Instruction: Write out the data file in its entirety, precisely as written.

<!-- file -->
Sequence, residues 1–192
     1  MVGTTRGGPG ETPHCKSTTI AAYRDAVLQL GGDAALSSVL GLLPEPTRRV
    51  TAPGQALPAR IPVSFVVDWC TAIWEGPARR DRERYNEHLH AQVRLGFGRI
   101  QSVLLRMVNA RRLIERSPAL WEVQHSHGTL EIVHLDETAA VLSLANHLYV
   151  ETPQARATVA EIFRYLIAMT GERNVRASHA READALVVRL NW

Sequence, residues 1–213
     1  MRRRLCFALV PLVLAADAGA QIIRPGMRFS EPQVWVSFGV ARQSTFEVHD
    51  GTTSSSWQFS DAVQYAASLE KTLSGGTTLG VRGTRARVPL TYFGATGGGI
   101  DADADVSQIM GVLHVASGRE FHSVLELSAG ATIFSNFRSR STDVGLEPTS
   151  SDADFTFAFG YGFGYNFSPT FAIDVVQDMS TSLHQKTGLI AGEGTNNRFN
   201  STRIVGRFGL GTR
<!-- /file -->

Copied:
Sequence, residues 1–192
     1  MVGTTRGGPG ETPHCKSTTI AAYRDAVLQL GGDAALSSVL GLLPEPTRRV
    51  TAPGQALPAR IPVSFVVDWC TAIWEGPARR DRERYNEHLH AQVRLGFGRI
   101  QSVLLRMVNA RRLIERSPAL WEVQHSHGTL EIVHLDETAA VLSLANHLYV
   151  ETPQARATVA EIFRYLIAMT GERNVRASHA READALVVRL NW

Sequence, residues 1–213
     1  MRRRLCFALV PLVLAADAGA QIIRPGMRFS EPQVWVSFGV ARQSTFEVHD
    51  GTTSSSWQFS DAVQYAASLE KTLSGGTTLG VRGTRARVPL TYFGATGGGI
   101  DADADVSQIM GVLHVASGRE FHSVLELSAG ATIFSNFRSR STDVGLEPTS
   151  SDADFTFAFG YGFGYNFSPT FAIDVVQDMS TSLHQKTGLI AGEGTNNRFN
   201  STRIVGRFGL GTR